3. 7 Ages — This is the monster game to end all monster games. I played this one with six other people for seven sessions straight and let me tell you… it was epic. Each player typically plays two empires at once. They spring up all over the world and grow and fight and collapse and break apart. All sorts of technology is in play at once. There are special leaders, special units– and the cards are all used for a half dozen things. Players build the seven wonders of the world, trigger acts of god, raid, pillage, burn, usurp, and invent. It’s insane. This game is more like a role-playing game in some ways because players end up coming up with their own personal objectives rather than simply playing for a straight ahead win. Some people do things just because they might be incredibly awesome. Other people spend the game punishing anyone that crosses them. The complexity level is high and it will be a rare group that decides to actually bust this one out, but those that do are in for an unparalleled gaming experience. (Note you can find extensive documentation of my 7 Ages game over on the Castalia House photo stream.)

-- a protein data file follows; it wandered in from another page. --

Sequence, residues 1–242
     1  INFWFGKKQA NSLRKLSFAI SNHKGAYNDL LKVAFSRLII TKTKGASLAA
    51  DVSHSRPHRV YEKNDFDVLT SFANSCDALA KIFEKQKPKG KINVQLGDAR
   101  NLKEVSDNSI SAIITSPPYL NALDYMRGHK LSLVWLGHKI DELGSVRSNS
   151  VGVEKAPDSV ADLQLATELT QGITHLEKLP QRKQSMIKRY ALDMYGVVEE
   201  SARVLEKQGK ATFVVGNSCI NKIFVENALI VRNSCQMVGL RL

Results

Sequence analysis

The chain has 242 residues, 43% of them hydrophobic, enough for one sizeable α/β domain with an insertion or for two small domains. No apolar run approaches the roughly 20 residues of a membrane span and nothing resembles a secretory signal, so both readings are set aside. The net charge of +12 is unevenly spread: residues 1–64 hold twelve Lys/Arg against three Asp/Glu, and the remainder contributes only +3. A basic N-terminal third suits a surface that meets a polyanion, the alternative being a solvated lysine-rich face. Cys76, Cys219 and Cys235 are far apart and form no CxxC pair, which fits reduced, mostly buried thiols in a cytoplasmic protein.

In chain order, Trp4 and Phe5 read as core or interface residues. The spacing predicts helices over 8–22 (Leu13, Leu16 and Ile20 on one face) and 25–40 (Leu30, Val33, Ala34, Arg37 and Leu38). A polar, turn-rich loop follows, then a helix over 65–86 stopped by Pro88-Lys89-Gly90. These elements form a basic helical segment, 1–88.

4. Adventurer Conqueror King System and The Sinister Stone of Sakkara — A lot of people ask me what version of D&D I recommend, and yeah… I feel pretty strongly about the classic Moldvay Basic sets with the Erol Otus covers. ACKS takes those D&D rules that are the arguably most played of all time and develops them further. Here you’ll find extensive rules for the domain game that was only given cursory treatment in AD&D. You’ll also find a diverse range of character classes that accommodate modern sensibilities without sacrificing the old school aesthetic. And with the Sakkara adventure module, the line now has something to fill the niche that Gary Gygax’s Keep on the Borderlands established. The variety of beasties populating this dungeon makes sense and there is a wild situation brewing that has some awesome weird horror angles. Finally, there are a couple of encounters here that don’t tend to end up in most peoples’ introductory modules but that really ought to be done. There is the potential for true gaming glory within these pages. (For more in this see my posts here, here, and here.)